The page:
Beth Kaminski has been working in ITAM for most of her career. As someone who has established a number of brand-new SAM practices within large corporates (including in her current role at the Dart Container Corporation) she knows a thing or two about managing stakeholders. Her upcoming presentation at this year’s Wisdom NA event in Florida, March 21, will be tackling this very issue. She will explain how to grow and mature an ITAM/SAM program or practice – where stakeholder engagement is absolutely essential.
Given the importance of this topic, we sat down with Beth to glean a little of her experience ahead of her presentation in March. Here are her top three tips for successful stakeholder engagement in support of your ITAM/SAM program.
Throughout our conversation, Beth stressed the importance of trust in building the foundation of support for your SAM program. “You must have the ability to build trust with your leadership. Whether you’re dealing with folks in IT or other stakeholders throughout the business, you have to understand they have certain needs they need taken care of. You need to understand these needs before you can figure out how to help them. Gaining stakeholder support is dependent on gaining stakeholder trust first. You need the trust before you can get the support.
How do you go about gaining this trust? You build trust by finding out about their needs. You should ask questions like “How can I help you get through this?” or “How can I make this easier for you?”
“Empathy is critical in ITAM. When you’re managing stakeholders you need good amounts of empathy in order to understand what people want and need, so that you can attune yourself to support them better.” I suggest to Beth that this need for empathy in ITAM could help to explain why the industry has attracted more than its fair share of successful women, bucking the trend of the broader IT industry being historically dominated by men, since empathy tends to be a much more prevalent trait in women than men. Of course I’m generalising here (for more on the importance of empathy in ITAM we recommend listening to this podcast: “Empathy with stakeholders gets you buy-in”).
Beth agrees, “My experience would back this up. Empathy goes a long way in ITAM. But it also helps that our role is backed up by data – we have the contracts, numbers etc. to back up our position. So, while empathy is important, the facts also speak for themselves. I suspect this can further help to make women more comfortable when going against the more technical stakeholders who have traditionally been men.”
Empathy works in an audit situation too. “When facing an audit, I remind my stakeholders that they have every right to do this. I see a software auditor as just another version of me sitting on the other side. Remember they have managers telling them what to do just like I have. It’s about understanding their needs just like any other stakeholder. I tell them “I want to get you what you need, and I will get it as soon as I can. If I have challenges getting it I will tell you, and I will tell you why.” This approach helps to build trust with the auditor and can make for a more productive and pleasant engagement.”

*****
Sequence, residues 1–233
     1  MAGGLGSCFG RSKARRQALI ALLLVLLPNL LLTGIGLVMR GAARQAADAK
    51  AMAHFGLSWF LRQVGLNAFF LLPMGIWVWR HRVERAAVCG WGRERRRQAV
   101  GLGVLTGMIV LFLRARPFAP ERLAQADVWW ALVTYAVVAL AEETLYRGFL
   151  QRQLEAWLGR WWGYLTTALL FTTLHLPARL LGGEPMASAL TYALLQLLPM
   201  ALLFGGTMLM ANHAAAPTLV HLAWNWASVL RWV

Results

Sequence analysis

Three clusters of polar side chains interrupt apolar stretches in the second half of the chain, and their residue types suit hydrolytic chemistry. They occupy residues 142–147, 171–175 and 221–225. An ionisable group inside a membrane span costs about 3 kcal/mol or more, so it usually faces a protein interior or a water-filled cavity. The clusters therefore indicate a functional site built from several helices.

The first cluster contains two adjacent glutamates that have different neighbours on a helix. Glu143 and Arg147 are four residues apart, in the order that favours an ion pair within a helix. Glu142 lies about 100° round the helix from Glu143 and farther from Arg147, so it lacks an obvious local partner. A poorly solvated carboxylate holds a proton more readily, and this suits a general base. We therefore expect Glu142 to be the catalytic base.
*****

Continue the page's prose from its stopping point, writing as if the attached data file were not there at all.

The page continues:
Beth explains the value of not taking things personally in business. After one particular project didn’t go her way, Beth recalls the advice she received from a colleague of hers which has always stayed with her. He simply reminded her that “We just work here. Our only job is to move the company’s agenda forward.” If you remember that it’s just a job, you remember it’s never personal if things don’t go your own way. Just be good and gracious about things and move on.
Building on the empathy point from earlier, Beth reminds me of the importance of understanding everyone else’s agenda. Even if that agenda is drawn from the company’s agenda, it may not always present itself in that way. “In order to build trust you must always remember that everyone has an agenda, so you should always be safe about what you say (not just externally with an auditor, but internally within the organisation too). You don’t want to get trapped inside someone else’s agenda, as that could cause conflict with someone else. Remember it’s a balancing act of yours and everyone else’s interests when you’re trying to gain the trust of your stakeholders. You must do a lot of listening and keeping your ear to the ground. If you listen carefully you’ll figure out a lot of what is going on in the organisation, which will help you to navigate it.”
Beth’s upcoming presentation is titled Stand Up, Stand Out and Grow, and is all about stakeholder engagement in ITAM; how you engage with stakeholders to gain their trust and support.
I’ll be talking about all the things I’ve done in my 30+ year career to show the absolute value and necessity of Software Asset Management in order to move the SAM programme forward within an organisation. It’s a process that takes a long time. It’s not something you’re going to develop quickly, especially if you’re starting from scratch. In my presentation I will explain how I went about establishing new SAM departments in my career, and most importantly, how I worked to gain the support of the various stakeholders across the organisation – some of whom were more willing to engage than others!”
You can catch Beth’s presentation at Wisdom NA 2023 in Florida on Tuesday, March 21, from 01:30 PM – 02:00 PM.
Register for Wisdom NA 2023 here: https://itamreview.zohobackstage.eu/WisdomNA2023#/?lang=en